This post provides an overview of the Noun. Skill level: Beginner
- Define the term “noun” semantically, morphologically, and syntactically.
- Discuss features of nouns in English (number, possession).
- Create nouns from other parts of speech using only syntactic placement to indicate the change.
I’d love to say that nouns are a self-explanatory category. I mean, we all know what a noun is, right? Or, we’ve heard the word and have a general idea, or… something. The purpose of this post is to codify that “something” into a more concrete understanding. If you know exactly what a noun is and can accomplish all of the above objectives already, then feel free to move along.
If not, or if you want a refresher, read on.
Nouns Defined: Semantics, Morphology, Syntax
Semantics [the branch of linguistics that deals with meaning] gives the classic definition of nouns. The Schoolhouse Rock jingle leaps to mind: it defines a noun as “a person, place, or thing”:
Well every person you can know,
And every place that you can go,
And any thing that you can show,
You know they’re nouns.
If only it were that easy. I’ll set aside my objection to “every person you can know” for later in this post. More pressing, as far as lexical terms are concerned, while the jingle does a good job in giving concrete examples of nouns, it doesn’t address anything abstract like, say, “existentialism.” In fact, “thing” leaves much to be desired. Some have expanded the definition of “noun” to “a person, place, thing, or idea” to include abstract terms. It’s a nice start, but it doesn’t quite cover all the bases.
Take “running,” for example. Person, place, thing, or idea? Maybe it’s a verb?
“Running makes me want to puke my guts out.” (Not a verb. In this example, it’s a gerund, AKA a present participle acting as a noun.)
So basically, the semantic definition, while providing a decent introduction to nouns, falls short in categorizing them completely.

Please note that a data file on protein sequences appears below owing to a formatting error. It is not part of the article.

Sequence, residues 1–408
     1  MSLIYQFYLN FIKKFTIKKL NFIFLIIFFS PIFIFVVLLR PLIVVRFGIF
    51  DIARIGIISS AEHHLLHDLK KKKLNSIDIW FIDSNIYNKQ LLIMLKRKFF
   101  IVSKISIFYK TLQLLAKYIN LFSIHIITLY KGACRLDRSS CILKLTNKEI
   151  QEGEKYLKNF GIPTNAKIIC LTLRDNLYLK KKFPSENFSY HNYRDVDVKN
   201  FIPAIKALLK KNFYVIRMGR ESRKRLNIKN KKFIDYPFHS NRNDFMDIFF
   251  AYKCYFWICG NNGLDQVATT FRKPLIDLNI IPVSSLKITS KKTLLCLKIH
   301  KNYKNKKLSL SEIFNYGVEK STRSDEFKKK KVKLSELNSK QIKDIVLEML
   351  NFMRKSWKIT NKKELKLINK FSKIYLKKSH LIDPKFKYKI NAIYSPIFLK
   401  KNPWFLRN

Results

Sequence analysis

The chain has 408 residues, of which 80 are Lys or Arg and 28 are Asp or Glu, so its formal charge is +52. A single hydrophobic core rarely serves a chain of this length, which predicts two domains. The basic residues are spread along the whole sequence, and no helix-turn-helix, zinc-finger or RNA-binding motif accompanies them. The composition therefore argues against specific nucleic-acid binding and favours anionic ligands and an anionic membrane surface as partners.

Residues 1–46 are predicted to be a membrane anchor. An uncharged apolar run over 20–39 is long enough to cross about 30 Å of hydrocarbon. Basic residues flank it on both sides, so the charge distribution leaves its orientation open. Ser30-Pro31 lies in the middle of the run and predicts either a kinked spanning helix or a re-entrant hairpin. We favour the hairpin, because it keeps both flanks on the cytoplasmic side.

Morphology [the branch of linguistics that deals with the smallest units of linguistic meaning (so, syllable structure, but not really)] defines nouns according to their features. In English, nouns can receive markers for number (-s/-es/-ies) and possession (-‘s/-s’).
- book → books
- bus → buses
- pony → ponies
- girl → girl’s [object]
- girls → girls’ [object(s)]
This distinction only works for count nouns, though. Non-count nouns (such as “rice,” “sunshine,” “liberty,” etc.) don’t take a number marker. (For more on count vs. non-count nouns, see here.) Often, the possession marker seems awkward on them as well. (Compare “the rice’s color” vs. “the color of the rice.”)
Morphology can help identify individual nouns. Words ending with -ion, -tion, -ist, -ism, -ness, or -er are easy enough to spot as nouns. These types of noun-marking morphemes (or syllables, but not really) are useful in converting other parts of speech to nouns:
- happy → happiness
- create → creation
- existential → existentialist
This aspect of nouns is useful to know, especially in writing. However, in terms of defining nouns, the morphological distinctions still fall short. Which leads me to syntax.
Syntax [the branch of linguistics that deals with word order and structure] defines nouns according to their place and features in sentence structure: